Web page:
Delivering integrated care

Overall arrangements

Effective programme management and governance is crucial in translating the local vision for integrated care into a practical plan that delivers discernible improvements and better outcomes for individuals and the local population.

Good governance should offer structured programme oversight that brings together all relevant organisations in a focused, collaborative way to support the shared vision for integrated care and how this will be achieved.

Local areas have considerable flexibility in how they implement integration, but there are several national initiatives that contribute to this goal. Programme management and governance arrangements should therefore show how each programme contributes to the overall delivery of integrated care for individuals and the local population. As a minimum:

Areas should benchmark themselves against the Stepping up to the place: integration self-assessment tool to identify the strength of local leadership and maturity of health and social care integration in their area.

Programme management

The role of the programme management officer should focus on achievement rather than activity for its own sake, ensuring the programme board has the concise and focused information it needs to understand progress against schedule and budgets, and to recognise and manage the risks and issues that could limit progress.

Good programme management is about understanding and contributing to a vision and then building and organising a committed, skilled team to deliver specific objectives that will realise that vision. A well-managed programme will have a constant dialogue with system leadership over its objectives, priorities and progress. There will be difficult decisions to be made over priorities, and trade-offs will have to be conducted between time, cost, scope and quality. Issues will crop up with disaffected stakeholders or around funding availability. Risks around information availability or financial incentives will have to be actively managed.

All this requires a senior and experienced individual who understands the programme vision and plays an active role in shaping the programme to deliver that vision. This person needs to be credible among managerial and clinical leaders from across the system, able to quickly build a good knowledge of the main content issues, and to understand the difference between administrating and managing a programme. The programme manager understands and shapes the content of the programme rather than being a mere administrator of the plan. They have a meaningful dialogue with stakeholders in shaping the programme, actively build a team that can deliver the programme, and work closely with the communications lead to craft and deliver the story of the programme.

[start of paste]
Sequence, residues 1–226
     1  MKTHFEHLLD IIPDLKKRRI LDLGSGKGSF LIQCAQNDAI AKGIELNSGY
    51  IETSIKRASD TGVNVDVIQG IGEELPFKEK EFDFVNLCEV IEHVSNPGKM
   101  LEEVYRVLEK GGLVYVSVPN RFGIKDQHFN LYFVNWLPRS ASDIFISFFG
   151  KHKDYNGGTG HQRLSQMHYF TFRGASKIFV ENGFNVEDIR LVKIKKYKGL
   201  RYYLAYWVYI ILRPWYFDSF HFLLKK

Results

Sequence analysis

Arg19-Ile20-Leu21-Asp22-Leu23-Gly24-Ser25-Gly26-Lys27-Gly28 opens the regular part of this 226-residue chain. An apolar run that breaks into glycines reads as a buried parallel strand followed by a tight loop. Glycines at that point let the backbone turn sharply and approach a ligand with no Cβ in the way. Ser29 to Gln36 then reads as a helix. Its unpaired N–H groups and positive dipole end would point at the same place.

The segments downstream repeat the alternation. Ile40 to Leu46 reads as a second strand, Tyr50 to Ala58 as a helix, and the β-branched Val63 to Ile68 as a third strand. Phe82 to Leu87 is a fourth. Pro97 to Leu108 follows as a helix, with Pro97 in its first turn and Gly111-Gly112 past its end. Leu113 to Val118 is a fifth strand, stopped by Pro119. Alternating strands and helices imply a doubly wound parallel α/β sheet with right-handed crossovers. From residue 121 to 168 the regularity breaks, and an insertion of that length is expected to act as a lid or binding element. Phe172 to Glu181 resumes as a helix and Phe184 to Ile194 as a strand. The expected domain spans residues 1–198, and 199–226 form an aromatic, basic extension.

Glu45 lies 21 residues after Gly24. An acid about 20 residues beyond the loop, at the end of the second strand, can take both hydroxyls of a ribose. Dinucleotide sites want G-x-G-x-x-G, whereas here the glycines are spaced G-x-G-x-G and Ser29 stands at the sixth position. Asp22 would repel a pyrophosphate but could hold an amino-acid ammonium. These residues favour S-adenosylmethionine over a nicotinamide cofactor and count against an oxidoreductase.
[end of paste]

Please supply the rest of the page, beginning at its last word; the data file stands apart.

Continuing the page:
Achieving a shared purpose and clear vision has been key to getting so many people involved in so many sectors. Achieving this has taken time, with many iterations of the vision and challenges of “we do this already” and “it will never work”, but the time invested in this has led to a greater clarity and commitment.
The thorough way we approached planning at the beginning is now starting to result in benefits. Because our programme was an iterative process based on testing things and learning from them, without a solid framework, we would have struggled to keep on track.

The Local Vision programme in South Tyneside describes what effective programme management has meant.

Checklist: programme change

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Objectives and rationale

Prioritisation and resourcing

Structuring the programme

Managing the plan, reporting issues and risks


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Case studies

Tools and resources

As detailed earlier, Shifting the centre of gravity (LGA, NHS Confederation, ADASS, NHS Clinical Commissioners), NHS Providers and ADPH is a self-assessment tool designed to support local health and care leaders to critically self-assess their ambitions and capacity to deliver integrated care. This includes the basic elements of good programme management.

The Integration resource library (Local Government Association) signposts local areas to evidence, case studies, tools and resources which will support the development of integration ambitions locally.

Making an impact through good governance: A practical guide for health and wellbeing boards (Local Government Association) discusses the contribution of health and wellbeing boards to the local delivery of integrated care and includes examples and case studies.

Managing organisational change in adult social care (SCIE) is an online resource to support managers in care services, local authorities and integrated health and social care services. It explores managing change through case studies of managers in different settings.

How to lead and manage better care integration guide
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